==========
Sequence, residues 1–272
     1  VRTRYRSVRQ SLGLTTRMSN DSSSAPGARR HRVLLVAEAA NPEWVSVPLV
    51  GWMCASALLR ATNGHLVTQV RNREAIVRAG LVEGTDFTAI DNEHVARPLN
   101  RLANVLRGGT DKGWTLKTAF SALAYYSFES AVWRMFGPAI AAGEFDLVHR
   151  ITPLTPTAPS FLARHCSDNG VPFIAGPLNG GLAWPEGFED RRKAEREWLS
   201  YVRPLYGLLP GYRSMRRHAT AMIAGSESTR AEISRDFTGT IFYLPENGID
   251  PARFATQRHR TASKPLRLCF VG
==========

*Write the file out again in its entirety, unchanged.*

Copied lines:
Sequence, residues 1–272
     1  VRTRYRSVRQ SLGLTTRMSN DSSSAPGARR HRVLLVAEAA NPEWVSVPLV
    51  GWMCASALLR ATNGHLVTQV RNREAIVRAG LVEGTDFTAI DNEHVARPLN
   101  RLANVLRGGT DKGWTLKTAF SALAYYSFES AVWRMFGPAI AAGEFDLVHR
   151  ITPLTPTAPS FLARHCSDNG VPFIAGPLNG GLAWPEGFED RRKAEREWLS
   201  YVRPLYGLLP GYRSMRRHAT AMIAGSESTR AEISRDFTGT IFYLPENGID
   251  PARFATQRHR TASKPLRLCF VG